‘Do something with your quarantine’- but what? – Introducing aaronmoniz.com
The first seven months of my time at the University of Waterloo and Wilfrid Laurier University were the most difficult of my academic career by far. By early March, though, I felt that I had navigated the worst of it, and could look forward to the summer business internship I had earned.
I was right about the first part; on March 13th, 2020, it was announced that both my universities would move online due to COVID-19, making the term significantly easier to complete.
I was initially quietly optimistic about quarantine; Canada had just 21 confirmed cases of COVID-19 at the time (CTV), and moving inside would save lives in a few weeks before summer as normal. Quarantine would also allow me the opportunity to recover from the burnout that I was experiencing by March, and prepare for my work term, which was to start in May.
It is safe to say that I vastly underestimated the consequences of COVID-19 and the resulting quarantine. Now, two months later, Canada has over 85,000 confirmed cases of the virus and over 6,000 deaths. The Conference Board of Canada reported over 2 million Canadian jobs lost by May 8th, and a staggering 13.0% unemployment rate in Canada, more than double the 5.7% reported by Statista in 2019.
Unfortunately, my job cancellation occurred 12 days before the beginning of the originally scheduled start date of Waterloo’s Spring 2020 term, and 19 days before the revised start date. In other words, I had around two weeks to restructure and organize my summer.
I was forced to reflect upon what I really wanted to do, with 35+ spare hours created for me each week and a blank canvas of pandemic plans.
My first realization was relatively superficial; I need money to pay for my second year. Next, I realized that I do not really know where my future lies, other than under the massive umbrella of Mathematics and Business. I want to explore my interests and rejuvenate my passion for writing.
Immediately, I sought after work, and within two weeks, I had two jobs for the summer. The University of Waterloo hired 300 students to help deliver the first 100%-online term ever, and I was lucky enough to be one of them. There, I will be creating content in what could be the first of likely many terms where courses will be at least partially be online.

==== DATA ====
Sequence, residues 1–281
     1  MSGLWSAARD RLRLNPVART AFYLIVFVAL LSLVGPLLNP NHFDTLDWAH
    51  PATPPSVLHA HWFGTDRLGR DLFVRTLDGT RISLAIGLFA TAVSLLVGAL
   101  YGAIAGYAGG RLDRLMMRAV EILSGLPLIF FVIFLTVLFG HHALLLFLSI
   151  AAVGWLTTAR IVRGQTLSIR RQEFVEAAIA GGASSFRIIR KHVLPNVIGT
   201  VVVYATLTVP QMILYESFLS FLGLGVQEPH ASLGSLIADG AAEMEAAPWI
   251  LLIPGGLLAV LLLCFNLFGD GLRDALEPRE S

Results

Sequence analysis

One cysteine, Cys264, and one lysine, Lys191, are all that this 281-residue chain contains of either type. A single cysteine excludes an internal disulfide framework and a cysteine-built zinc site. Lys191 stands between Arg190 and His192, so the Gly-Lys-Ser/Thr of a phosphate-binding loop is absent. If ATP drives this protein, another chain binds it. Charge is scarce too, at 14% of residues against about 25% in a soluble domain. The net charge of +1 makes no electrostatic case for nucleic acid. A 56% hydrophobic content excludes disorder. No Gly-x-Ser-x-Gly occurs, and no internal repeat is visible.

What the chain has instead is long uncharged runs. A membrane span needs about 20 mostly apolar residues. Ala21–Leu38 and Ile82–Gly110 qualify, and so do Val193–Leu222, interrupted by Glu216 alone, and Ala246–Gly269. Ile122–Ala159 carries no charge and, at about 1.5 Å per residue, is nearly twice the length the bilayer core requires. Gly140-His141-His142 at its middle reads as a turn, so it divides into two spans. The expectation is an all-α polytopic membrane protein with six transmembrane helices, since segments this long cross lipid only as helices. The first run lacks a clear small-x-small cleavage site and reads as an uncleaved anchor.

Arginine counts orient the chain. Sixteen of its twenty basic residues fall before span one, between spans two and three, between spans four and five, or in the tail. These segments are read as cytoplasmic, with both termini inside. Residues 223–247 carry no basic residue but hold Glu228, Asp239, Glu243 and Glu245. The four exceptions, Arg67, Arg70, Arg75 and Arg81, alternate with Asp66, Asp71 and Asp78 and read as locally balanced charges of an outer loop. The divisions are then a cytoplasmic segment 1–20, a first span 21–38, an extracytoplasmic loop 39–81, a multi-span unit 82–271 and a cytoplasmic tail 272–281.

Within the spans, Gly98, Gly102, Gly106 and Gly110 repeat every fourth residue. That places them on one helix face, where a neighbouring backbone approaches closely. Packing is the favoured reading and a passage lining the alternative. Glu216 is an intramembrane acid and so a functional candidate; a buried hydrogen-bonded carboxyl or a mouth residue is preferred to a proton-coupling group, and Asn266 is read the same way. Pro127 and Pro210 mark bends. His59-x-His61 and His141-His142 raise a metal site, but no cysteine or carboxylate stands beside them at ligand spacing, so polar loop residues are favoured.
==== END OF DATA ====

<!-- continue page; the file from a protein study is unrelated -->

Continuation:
In addition, I was given the opportunity to continue part-time office work at Josef Gases, after spending the last two summers there.
Excited by the opportunity to work, I am also going to learn as much as I can online about the fields of data analytics, finance, and business, continuing my self-exploration by completing different courses and projects. Combining them with my writing experience, I want to detail all the different events that fill my summer, look back upon this experience, and reflect upon what I learned.
I created aaronmoniz.com to be a place where people can read about my progress and find inspiration for activities of their own. My current knowledge only scrapes the surface of the fields listed above, and anyone reading this can do what I will do this summer.
Lastly, and perhaps most importantly, I never want to feel as burnt out as I did in March. I want to learn to work harder than ever before, but just as importantly, to relax, to be able to stop working in the short term and to preserve my mind and body for the long term.
That idea reminded me of this tweet that I am not a fan of:
The post reads:
“If you don’t come out of this quarantine with either:
1.) a new skill
2.) starting what you’ve been putting off like a new business
3.) more knowledge
You didn’t ever lack the time, you lacked the discipline”
With a plethora of issues facing people worldwide, this is insensitive to those who cannot afford, do not have the health, or simply cannot bring themselves to focus on career and academics right now.
You shouldn’t feel guilty in the slightest if you aren’t at your quarantine best. But I want to encourage you to do *something* to pass your time.
If that *something* is learning a new skill or starting something new, that’s fantastic. If it’s exercising, reading books or finishing The Last Dance and Tiger King on Netflix, that’s also perfect. Bond with the people you live with, and phone faraway loved ones. Find something you want to do or enjoy doing.
COVID-19 has proven to be a time of self-discovery for myself. I have learned that I love to cook, and that physical activity is crucial during the day if I want to to sleep at night. I have learned that I live for productivity, learning, and my family and friends, and that nothing will stop me from making progress towards being a kinder, smarter, and happier person.
I wish only the best to everyone; continue to do things that help you grow and cultivate your interests, no matter what they are.
And most importantly of all, please stay safe.